For commercial products, this simply means that disinfectants provide a higher level of demonstrable microbial load reduction than sanitizers. Product performance guidelines are outlined by EPA in Product Performance Test Guidelines OCSPP 810.2300 (sanitization) and OCSPP 810.2200 (disinfection). These guidelines are summarized below, with minimum surface contact times indicated in parentheses. Clean, then disinfect.

  • Cleaning of visibly dirty surfaces followed by disinfection is a best practice measure for prevention of COVID-19 and other viral respiratory illnesses in households and community settings. (CDC, 2020, March 6)
  • If surfaces are dirty, they should be cleaned using a detergent or soap and water prior to disinfection. (CDC, 2020, March 6)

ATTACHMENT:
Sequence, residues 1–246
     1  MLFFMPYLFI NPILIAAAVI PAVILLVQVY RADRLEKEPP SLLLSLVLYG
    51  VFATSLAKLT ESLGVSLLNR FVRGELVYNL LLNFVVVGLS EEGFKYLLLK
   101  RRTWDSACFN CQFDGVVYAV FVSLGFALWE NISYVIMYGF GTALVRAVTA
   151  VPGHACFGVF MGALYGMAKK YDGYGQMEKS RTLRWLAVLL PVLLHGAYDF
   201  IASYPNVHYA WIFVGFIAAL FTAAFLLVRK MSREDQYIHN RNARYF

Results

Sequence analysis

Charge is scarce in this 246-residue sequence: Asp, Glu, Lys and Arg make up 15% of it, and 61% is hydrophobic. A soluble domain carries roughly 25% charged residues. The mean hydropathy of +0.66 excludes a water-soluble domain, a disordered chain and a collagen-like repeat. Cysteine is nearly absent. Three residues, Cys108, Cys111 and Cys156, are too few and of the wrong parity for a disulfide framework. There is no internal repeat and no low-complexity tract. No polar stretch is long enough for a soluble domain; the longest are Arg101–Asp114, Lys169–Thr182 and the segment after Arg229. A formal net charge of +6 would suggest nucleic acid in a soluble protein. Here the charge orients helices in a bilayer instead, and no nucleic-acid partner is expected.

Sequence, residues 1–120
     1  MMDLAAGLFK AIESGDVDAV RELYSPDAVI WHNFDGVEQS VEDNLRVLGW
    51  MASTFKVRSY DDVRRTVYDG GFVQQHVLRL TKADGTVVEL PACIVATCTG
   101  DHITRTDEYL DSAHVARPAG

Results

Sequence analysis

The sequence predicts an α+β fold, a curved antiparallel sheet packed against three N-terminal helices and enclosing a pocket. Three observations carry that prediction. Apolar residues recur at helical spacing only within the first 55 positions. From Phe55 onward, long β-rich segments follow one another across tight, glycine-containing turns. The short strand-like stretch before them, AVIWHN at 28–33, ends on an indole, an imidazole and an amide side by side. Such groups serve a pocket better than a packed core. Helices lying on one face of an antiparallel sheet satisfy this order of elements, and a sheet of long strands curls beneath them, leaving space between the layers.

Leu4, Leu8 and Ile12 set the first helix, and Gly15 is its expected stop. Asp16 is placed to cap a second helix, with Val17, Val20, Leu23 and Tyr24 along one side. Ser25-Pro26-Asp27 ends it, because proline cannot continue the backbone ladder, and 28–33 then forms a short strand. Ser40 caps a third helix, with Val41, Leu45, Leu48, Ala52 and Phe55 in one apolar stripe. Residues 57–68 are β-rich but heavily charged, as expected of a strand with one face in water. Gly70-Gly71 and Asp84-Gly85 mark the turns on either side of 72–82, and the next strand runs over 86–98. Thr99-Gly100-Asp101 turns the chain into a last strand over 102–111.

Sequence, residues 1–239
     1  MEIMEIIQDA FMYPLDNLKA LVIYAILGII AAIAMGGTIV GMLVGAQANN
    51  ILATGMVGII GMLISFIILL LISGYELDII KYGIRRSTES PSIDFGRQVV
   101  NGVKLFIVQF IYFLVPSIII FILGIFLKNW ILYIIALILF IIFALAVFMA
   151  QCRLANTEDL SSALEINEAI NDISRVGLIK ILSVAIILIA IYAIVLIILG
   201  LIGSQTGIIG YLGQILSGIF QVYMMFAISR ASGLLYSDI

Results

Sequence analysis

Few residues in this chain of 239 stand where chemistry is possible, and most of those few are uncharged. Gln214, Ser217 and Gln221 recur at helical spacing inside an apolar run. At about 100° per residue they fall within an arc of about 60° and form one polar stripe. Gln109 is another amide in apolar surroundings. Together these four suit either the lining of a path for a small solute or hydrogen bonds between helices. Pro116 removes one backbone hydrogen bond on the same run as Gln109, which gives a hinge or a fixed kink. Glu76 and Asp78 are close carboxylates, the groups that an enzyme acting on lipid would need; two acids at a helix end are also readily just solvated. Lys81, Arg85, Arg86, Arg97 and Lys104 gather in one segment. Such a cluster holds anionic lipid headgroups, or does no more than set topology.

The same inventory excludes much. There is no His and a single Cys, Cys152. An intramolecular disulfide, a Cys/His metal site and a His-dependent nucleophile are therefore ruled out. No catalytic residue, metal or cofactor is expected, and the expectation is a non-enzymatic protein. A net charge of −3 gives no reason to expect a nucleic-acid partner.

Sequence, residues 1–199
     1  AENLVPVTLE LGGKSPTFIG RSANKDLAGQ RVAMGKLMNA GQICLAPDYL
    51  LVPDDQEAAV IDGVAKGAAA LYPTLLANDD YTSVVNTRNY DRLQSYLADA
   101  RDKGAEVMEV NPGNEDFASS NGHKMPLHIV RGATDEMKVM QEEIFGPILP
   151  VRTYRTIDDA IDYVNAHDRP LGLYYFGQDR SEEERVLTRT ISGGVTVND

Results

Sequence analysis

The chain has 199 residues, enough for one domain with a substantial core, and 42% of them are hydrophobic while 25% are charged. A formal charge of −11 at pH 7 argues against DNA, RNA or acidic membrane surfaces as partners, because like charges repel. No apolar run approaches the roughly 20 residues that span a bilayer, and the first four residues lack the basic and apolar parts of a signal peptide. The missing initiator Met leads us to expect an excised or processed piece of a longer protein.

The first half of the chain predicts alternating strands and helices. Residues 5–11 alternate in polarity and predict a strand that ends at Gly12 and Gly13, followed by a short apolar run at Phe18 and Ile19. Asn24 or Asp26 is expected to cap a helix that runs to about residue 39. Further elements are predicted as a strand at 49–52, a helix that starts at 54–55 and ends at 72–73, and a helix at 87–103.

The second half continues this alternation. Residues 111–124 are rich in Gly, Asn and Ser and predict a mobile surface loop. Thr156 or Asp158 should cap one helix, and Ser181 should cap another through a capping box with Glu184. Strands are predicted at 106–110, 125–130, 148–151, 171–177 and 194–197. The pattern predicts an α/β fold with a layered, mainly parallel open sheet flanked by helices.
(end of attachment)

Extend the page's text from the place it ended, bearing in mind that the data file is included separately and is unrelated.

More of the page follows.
• Do not mix cleaners and disinfectants unless the labels indicate it is safe to do so. Combining certain products (such as chlorine bleach and ammonia cleaners) can result in serious injury or death. (CDC, 2018)
  • Because the transmissibility of COVID-19 from contaminated environmental surfaces and objects is not fully understood, employers should carefully evaluate whether or not work areas occupied by people suspected to have virus may have been contaminated and whether or not they need to be decontaminated in response. (OSHA, 2020)
  • Outside of healthcare and healthcare facilities, there is typically no need to perform special cleaning or decontamination of work environments when a person suspected of having the virus has been present, unless those environments are visibly contaminated with blood or other body fluids. In limited cases where further cleaning and decontamination may be necessary, consult U.S. Centers for Disease Control and Prevention (CDC) guidance for cleaning and disinfecting environments, including those contaminated with other coronavirus. (OSHA, 2020)